SALEM — The new library at Salem State University is taking shape.
Construction is expected to finish in time for books, furniture and staff to move in through July, with the building opening in late August or early September.
The $74 million, 122,000-square-foot library is the first new building on SSU’s north campus since the old library was completed in 1972. The four-story complex, with classrooms, offices, meeting and study rooms, and other amenities, will be named for former Sen. Fred Berry.
SSU officials lead city leaders and media on a tour of the building yesterday.
SSU President Patricia Maguire Meservey said she’s most looking forward to having a place for students to gather and study.
“Creation of a place for community — that’s the most exciting,” she said.
SSU students have been using an interim library facility since 2007, when the campus’s old library was closed over concerns for structural safety. The building had been plagued with problems since its construction.
Construction on the new library began in December 2010.
Susan Cirillo, dean of library, instructional and learning support, joked that her department is “experts” at moving.
“I’m looking forward to seeing students again,” said Cirillo, who has worked out of an interim space at the SSU Enterprise Center for the past five years. “We’re looking forward to being in the middle of everything again ... I can’t wait. I expect students to love it.”
The new library will have more than 150 public computers and 1,000 seats of study space, from tables and desks to lounge chairs scattered throughout the building.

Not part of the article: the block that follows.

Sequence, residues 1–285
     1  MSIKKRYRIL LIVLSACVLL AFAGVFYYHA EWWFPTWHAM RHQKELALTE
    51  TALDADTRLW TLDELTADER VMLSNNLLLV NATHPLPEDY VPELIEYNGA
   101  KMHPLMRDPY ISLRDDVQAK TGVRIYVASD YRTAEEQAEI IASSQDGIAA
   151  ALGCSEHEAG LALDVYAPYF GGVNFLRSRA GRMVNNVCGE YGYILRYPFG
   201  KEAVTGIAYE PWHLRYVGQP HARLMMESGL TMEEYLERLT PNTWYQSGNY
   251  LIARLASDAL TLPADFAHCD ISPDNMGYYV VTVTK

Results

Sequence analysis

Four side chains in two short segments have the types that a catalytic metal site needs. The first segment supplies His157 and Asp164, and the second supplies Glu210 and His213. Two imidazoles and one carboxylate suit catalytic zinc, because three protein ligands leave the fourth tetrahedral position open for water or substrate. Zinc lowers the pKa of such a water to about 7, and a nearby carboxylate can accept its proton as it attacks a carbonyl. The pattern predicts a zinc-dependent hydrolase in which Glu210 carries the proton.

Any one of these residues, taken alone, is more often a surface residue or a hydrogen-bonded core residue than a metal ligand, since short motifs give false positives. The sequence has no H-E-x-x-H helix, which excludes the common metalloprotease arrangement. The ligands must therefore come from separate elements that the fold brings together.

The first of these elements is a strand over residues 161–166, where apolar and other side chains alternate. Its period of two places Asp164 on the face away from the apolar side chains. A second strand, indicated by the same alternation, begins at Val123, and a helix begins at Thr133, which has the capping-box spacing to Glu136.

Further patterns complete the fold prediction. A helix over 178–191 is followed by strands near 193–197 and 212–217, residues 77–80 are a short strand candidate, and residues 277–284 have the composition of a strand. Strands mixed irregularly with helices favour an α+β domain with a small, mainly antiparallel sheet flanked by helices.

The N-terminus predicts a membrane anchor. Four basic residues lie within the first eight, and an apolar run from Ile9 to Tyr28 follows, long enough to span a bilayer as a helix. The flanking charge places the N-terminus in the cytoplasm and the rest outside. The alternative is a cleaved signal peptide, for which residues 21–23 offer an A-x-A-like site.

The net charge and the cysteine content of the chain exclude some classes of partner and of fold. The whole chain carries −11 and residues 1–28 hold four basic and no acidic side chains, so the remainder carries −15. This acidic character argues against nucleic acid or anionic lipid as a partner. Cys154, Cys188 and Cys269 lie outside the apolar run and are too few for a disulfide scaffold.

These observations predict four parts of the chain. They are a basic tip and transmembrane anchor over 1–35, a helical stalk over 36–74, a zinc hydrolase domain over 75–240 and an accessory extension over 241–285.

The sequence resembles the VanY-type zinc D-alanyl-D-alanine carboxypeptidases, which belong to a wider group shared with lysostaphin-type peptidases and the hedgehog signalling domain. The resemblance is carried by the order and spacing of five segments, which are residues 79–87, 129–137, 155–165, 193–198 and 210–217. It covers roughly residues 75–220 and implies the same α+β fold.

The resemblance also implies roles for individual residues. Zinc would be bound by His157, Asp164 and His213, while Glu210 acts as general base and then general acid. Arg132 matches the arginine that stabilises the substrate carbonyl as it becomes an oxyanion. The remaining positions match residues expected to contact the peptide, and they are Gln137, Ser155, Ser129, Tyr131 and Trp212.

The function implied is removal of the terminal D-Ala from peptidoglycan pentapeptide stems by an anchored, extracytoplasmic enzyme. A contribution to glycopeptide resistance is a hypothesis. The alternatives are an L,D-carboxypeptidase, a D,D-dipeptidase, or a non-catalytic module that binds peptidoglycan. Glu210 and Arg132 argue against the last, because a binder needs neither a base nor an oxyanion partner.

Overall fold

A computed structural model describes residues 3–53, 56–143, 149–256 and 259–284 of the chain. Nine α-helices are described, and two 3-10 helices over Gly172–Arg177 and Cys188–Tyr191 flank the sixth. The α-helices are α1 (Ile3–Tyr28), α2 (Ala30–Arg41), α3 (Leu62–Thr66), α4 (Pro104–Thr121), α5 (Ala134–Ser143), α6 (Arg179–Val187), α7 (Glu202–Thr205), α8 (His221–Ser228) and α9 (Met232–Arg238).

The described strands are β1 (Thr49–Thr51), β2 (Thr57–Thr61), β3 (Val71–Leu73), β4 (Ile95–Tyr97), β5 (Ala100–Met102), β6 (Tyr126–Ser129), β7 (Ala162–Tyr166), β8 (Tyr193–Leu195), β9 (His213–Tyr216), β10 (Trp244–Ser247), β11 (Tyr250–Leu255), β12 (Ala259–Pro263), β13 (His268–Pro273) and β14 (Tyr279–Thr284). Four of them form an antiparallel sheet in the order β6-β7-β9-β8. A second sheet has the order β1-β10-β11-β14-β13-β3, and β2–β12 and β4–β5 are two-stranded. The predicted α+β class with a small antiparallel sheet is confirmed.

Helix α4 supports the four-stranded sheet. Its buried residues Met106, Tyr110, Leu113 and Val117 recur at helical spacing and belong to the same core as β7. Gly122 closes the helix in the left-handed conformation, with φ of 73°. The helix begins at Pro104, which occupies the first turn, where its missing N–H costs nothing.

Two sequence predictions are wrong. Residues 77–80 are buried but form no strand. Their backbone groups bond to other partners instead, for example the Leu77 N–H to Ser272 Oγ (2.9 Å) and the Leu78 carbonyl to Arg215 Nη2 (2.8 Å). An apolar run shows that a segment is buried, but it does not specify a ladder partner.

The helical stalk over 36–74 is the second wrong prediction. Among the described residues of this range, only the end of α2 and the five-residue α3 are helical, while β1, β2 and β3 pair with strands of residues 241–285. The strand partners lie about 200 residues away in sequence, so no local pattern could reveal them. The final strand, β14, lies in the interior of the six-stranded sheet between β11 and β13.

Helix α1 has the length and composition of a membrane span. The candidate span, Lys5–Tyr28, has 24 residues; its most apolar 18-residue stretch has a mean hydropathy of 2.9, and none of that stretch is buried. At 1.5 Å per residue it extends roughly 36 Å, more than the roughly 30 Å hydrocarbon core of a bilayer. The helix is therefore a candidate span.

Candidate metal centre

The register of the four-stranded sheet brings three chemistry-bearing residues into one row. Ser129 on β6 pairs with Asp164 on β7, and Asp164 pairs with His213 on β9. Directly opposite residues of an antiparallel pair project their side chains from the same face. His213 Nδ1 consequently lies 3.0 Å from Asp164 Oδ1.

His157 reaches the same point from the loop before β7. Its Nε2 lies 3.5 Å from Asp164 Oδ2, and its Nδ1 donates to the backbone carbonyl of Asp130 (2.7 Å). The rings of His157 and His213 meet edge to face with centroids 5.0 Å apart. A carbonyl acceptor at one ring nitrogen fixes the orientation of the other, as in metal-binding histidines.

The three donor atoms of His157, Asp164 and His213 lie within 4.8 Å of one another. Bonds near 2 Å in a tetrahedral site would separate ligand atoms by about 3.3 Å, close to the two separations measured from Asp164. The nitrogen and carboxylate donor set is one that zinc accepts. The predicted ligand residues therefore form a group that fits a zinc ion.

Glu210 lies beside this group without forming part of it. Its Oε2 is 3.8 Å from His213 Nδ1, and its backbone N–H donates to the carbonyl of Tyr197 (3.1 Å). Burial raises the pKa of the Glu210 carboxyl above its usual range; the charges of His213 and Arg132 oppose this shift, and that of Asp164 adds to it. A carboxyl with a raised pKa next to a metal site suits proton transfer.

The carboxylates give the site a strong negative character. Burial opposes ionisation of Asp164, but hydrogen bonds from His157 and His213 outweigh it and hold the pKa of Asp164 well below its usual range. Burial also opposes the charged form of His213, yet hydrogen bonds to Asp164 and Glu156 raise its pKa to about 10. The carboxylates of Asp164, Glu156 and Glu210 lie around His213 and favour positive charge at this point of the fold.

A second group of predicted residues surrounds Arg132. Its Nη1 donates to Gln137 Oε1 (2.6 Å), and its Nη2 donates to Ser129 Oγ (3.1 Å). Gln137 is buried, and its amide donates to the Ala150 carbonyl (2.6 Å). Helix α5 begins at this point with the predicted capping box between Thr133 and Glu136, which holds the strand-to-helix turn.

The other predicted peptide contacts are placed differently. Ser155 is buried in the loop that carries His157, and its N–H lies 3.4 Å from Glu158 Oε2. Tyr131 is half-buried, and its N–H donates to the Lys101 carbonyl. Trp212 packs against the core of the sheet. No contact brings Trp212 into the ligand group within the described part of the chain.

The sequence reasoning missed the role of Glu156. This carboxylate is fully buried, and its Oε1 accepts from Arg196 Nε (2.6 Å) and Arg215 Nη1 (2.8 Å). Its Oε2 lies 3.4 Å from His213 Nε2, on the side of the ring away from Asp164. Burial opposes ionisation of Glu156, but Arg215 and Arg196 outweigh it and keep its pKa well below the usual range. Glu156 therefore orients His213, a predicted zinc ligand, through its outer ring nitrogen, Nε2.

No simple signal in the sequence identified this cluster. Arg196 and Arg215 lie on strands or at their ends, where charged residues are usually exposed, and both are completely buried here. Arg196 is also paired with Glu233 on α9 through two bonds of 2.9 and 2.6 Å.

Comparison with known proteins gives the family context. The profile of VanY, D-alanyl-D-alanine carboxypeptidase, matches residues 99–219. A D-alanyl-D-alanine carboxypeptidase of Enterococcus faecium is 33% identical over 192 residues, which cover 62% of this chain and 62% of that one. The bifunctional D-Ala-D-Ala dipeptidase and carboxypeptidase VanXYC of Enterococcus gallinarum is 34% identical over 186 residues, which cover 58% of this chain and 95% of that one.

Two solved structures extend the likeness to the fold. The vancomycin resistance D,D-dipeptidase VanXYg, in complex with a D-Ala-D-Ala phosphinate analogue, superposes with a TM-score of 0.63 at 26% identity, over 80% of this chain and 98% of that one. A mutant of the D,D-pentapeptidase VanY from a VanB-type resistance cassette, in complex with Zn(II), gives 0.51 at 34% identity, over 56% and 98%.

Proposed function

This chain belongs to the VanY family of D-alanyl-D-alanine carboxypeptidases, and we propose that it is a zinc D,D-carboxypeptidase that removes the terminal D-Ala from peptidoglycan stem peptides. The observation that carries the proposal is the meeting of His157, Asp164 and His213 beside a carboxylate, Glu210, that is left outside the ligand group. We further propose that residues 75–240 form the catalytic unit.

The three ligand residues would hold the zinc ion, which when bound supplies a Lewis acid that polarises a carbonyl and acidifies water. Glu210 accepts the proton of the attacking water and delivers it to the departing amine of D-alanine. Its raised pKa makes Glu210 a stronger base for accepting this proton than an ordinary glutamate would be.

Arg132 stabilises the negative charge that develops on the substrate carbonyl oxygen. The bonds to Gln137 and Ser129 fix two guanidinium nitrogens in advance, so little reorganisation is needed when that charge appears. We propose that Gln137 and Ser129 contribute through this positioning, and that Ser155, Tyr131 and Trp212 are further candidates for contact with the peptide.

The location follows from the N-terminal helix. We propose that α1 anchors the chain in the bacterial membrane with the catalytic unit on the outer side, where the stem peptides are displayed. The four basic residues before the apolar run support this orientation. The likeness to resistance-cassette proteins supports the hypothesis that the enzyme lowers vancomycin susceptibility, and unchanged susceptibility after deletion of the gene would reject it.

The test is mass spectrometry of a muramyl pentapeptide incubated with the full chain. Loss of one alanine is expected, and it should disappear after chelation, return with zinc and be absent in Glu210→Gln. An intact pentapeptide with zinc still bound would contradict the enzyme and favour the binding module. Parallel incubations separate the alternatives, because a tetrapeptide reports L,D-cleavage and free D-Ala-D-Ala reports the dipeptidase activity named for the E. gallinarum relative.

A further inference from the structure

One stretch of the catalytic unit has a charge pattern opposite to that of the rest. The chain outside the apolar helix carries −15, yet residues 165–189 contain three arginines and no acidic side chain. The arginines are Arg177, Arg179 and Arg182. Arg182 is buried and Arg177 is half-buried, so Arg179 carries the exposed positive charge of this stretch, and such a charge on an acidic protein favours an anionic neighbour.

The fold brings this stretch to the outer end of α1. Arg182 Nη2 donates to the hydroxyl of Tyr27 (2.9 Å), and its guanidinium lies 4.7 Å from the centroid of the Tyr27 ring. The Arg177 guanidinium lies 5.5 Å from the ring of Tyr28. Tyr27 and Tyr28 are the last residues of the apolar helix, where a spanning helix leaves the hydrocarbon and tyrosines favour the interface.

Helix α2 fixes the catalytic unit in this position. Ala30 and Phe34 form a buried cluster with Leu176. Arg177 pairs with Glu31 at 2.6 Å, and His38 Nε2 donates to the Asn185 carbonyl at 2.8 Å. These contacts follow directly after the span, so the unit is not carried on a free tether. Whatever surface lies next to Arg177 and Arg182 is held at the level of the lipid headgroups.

“We’ve tried to combine the traditional with a high-tech library,” Cirillo said. “Students still want books, but they also want the high-tech.”
The building’s three upper floors open to a central, freestanding staircase, lit by an enormous skylight. The entire building was designed with natural light in mind, said Andrew Soll, SSU vice president of finance and facilities.
The facility will have three classrooms, with a fourth that can be divided into two rooms, if needed. In addition to the library’s book and reference collections, the building will house a writing center, academic adviser offices, a center for disabled students, a faculty research area, a reading room for rare and antique books, staff offices, and numerous group study and conference rooms.
While the building is roughly the same size as the old library, the new building can fit more because it’s been custom-designed and has a more efficient use of space, Cirillo said.
Mayor Kim Driscoll, Sen. Joan Lovely, Rep. John Keenan, and City Councilors Josh Turiel and Joseph O’Keefe attended yesterday’s library tour.
Salem State enrolls approximately 10,000 undergraduate and graduate students. Once complete, the SSU library will also be open to the public.
The building’s architect is Shepley Bulfinch; Quincy-based Lee Kennedy Co. is construction manager.
Bethany Bray can be reached at firstname.lastname@example.org and on Twitter @SalemNewsBB.